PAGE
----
STAIKOV: Diets do not help, they hurt sooner, that's proven. The body wants to restore its original weight. Diets work only as long as you do them, and you can not hold them for life.

Are there effective strategies for overweight?

STAIKOV: On the one hand, more prevention must be provided so that understandable information is disseminated about how obesity develops. And on the other hand, those affected must be treated specifically. The disease obesity is only managed in Germany. It usually lacks the clear recommendation of the family doctor to start early treatment. The sooner the person begins to be treated, the better.

What does a treatment look like?

STAIKOV: Most people who are overweight need support in the form of competent medical support. Because the only thing that helps is a permanent change of diet and more exercise in everyday life. The third pillar is behavioral therapy at the psychologist. It is made clear to the patient in which form he does not eat properly. Some eat too much, can not stop, because the saturation does not set. Some eat at night, some too often. These are all eating disorders that can be treated.

Until you get through to it all, something has to happen, you have to be made to do something.

STAIKOV: Yes, the GPs are still doing too little, but they often can not recommend anything, because there are simply too few offers for comprehensive support, especially in the countryside. Very rarely, they recommend surgical treatment, which is often needed.

GRUNERT: For me, my back surgeon, who operated on my spine, got me on my way to obesity treatment. My health insurance then sent me to rehab. There were cooking classes, exercise program, talks with the psychologist. At 101 kilos I came to the hospital and got a gastric bypass surgery.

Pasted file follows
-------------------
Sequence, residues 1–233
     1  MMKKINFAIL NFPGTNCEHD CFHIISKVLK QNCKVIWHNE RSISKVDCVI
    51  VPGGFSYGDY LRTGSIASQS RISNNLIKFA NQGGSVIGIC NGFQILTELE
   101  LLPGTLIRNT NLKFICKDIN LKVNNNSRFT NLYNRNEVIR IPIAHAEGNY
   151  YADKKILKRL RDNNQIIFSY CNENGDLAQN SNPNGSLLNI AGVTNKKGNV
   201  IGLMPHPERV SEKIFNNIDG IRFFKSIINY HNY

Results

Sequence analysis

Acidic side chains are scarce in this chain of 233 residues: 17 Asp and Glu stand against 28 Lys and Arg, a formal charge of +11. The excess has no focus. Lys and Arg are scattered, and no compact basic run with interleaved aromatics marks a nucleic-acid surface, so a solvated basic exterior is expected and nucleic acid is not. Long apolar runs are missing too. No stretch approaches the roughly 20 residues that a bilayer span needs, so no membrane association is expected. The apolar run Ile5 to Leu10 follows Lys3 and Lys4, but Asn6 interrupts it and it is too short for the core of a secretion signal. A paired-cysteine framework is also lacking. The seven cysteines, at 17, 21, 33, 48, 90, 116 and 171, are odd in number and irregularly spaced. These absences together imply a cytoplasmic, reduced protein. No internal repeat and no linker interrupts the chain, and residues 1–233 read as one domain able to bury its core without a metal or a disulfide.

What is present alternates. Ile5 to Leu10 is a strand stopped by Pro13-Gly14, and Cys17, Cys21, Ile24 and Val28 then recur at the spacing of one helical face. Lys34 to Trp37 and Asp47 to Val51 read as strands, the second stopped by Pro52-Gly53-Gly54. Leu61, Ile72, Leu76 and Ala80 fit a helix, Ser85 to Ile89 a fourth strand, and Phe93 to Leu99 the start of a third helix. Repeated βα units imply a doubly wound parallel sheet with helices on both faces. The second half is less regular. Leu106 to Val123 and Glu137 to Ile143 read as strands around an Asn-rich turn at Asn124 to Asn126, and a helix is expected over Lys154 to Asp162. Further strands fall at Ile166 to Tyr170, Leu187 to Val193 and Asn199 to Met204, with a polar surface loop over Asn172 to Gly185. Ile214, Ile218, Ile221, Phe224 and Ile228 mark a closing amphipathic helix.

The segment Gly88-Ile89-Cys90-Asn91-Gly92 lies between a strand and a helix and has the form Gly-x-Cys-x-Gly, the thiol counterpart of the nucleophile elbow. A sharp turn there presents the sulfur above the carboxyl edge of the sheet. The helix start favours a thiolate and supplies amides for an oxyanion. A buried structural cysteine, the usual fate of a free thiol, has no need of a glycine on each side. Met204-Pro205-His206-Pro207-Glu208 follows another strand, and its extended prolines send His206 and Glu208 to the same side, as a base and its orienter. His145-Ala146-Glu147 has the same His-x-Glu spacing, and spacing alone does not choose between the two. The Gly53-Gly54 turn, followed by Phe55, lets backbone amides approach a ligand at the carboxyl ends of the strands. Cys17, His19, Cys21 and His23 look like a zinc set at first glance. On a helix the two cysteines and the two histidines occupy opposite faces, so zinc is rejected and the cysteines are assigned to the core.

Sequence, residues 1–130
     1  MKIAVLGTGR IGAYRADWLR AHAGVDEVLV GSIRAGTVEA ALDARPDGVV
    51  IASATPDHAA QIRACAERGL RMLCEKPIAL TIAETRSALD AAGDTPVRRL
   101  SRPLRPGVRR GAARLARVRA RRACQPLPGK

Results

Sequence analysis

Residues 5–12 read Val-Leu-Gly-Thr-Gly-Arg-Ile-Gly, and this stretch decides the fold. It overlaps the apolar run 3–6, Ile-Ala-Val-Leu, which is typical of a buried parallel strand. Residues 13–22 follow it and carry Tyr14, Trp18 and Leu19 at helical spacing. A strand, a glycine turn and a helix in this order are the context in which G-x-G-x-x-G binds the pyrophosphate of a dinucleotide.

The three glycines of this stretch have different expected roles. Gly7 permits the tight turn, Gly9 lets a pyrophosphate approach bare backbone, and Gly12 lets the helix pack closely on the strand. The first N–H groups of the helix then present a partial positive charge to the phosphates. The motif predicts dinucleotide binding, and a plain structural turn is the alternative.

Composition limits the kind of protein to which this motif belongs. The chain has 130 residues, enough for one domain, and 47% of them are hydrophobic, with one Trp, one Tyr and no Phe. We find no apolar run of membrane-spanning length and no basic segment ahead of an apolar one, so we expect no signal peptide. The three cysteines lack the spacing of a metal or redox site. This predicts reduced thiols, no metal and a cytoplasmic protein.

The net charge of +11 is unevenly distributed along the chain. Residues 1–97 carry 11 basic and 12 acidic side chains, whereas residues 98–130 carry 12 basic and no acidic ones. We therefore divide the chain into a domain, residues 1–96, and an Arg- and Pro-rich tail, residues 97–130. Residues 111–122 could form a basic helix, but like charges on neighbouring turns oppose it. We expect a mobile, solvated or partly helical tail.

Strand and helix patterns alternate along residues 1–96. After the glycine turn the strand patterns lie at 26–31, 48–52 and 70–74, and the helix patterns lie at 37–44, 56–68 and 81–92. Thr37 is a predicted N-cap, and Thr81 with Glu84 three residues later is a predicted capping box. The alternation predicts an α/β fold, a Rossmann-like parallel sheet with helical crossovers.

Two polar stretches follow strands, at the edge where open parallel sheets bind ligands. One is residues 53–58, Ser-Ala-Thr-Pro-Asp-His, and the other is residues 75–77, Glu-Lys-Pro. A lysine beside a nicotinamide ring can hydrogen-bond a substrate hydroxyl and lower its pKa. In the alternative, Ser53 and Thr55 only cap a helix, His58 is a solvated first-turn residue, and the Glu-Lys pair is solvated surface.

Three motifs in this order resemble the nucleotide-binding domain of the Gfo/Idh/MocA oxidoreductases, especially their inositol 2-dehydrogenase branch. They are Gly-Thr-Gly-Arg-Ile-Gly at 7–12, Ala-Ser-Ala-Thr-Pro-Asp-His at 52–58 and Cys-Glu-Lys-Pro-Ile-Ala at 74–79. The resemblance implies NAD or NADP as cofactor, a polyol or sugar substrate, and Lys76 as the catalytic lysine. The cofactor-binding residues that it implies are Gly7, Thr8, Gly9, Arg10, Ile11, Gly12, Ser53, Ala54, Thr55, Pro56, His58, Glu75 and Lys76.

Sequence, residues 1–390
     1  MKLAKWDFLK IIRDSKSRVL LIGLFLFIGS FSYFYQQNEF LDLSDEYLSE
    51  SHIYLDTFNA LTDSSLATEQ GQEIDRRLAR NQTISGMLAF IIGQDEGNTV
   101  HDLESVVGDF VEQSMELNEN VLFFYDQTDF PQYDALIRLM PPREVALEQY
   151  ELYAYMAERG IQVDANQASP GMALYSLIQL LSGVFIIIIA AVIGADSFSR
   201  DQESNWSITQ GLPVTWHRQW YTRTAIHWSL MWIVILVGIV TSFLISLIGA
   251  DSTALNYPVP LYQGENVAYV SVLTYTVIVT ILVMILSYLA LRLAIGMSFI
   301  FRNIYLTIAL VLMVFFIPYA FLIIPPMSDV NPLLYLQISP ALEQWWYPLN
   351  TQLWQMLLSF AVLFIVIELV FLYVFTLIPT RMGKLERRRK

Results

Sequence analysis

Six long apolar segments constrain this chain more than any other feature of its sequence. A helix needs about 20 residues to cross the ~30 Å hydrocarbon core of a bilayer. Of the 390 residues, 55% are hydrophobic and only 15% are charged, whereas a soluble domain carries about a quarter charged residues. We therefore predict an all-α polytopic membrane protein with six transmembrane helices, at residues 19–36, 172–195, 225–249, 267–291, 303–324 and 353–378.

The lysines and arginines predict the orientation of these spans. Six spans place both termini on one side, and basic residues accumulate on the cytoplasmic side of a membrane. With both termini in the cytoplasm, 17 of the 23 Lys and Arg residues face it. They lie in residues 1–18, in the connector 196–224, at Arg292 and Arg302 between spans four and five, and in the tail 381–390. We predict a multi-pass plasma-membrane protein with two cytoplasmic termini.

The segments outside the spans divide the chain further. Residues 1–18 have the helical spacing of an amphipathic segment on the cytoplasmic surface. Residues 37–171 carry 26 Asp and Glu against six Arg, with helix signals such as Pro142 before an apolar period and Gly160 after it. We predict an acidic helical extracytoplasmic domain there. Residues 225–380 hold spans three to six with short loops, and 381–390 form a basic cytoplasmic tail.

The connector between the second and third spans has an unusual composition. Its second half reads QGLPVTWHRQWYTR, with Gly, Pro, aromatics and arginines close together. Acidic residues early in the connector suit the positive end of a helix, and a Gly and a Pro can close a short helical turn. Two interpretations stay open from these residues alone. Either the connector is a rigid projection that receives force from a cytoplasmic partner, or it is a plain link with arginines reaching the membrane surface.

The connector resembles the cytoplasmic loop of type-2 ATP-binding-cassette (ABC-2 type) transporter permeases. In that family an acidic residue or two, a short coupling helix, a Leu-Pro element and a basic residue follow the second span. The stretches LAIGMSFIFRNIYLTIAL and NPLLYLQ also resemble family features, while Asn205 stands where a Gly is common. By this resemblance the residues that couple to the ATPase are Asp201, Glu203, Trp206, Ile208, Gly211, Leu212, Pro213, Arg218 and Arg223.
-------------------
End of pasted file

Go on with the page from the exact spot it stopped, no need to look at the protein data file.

When will such an operation be necessary?

STAIKOV: There are guidelines for treatment, ie recommendations. In Germany, we begin the operative treatment far too late. With a BMI (Body Mass Index) of 50 you can operate directly after the recommendation. From a medical point of view, however, starting with a BMI of 40, sometimes 35, it makes sense and is necessary to study the subject of surgery.

The health insurance companies are obviously not of the opinion that one should intervene operationally?

STAIKOV: Many health insurances are very restrictive, the patients are the victims.

What exactly is done during the operation?

STAIKOV: In the case of perineum surgery, the stomach is reduced and the stomach volume is reduced by 75-80 percent. This will cause you to get full sooner and thus eat less calories. The second method is gastric bypass. The stomach is brought to a volume of 20 to 30 milliliters, about the size of an espresso cup. The small intestine is shortened and sutured to the stomach. As a result, the actual digestion takes place in the intestine and is thereby changed.

What has improved for you since the operation, Ms. Grunert?

GRUNERT: After the operation, a new life has started for me. I've lost 41 pounds since then and eat less and much healthier. I also do not take painkillers for my back and no other medicines. I go out a lot with friends, do a lot, which makes me very good. But the way there took years and was bad. I lost my job, was berentet. I did not want to live for a while. It was also bad that it took so long until the health insurance had a look and granted me the operation.

What's next?

GRUNERT: Now comes the post-treatment, in which the excess skin must be removed. Because it is very uncomfortable, you sweat under the wrinkles, has constantly inflammation, and they do not look beautiful. And I go regularly to the support group, which has supported me a lot on my way.

STAIKOV: The treatment is not completed with the operation. Obesity is not curable. It is all the more important that something be done early.

When stomach surgery is performed to treat severe obesity, in some cases this may not be the end of obesity therapy. If dieting does not help with heavy obesity, the last hope is a surgical procedure that reduces food intake and utilization in the body. However, in some cases surgery may not be enough to help those affected gain normal weight.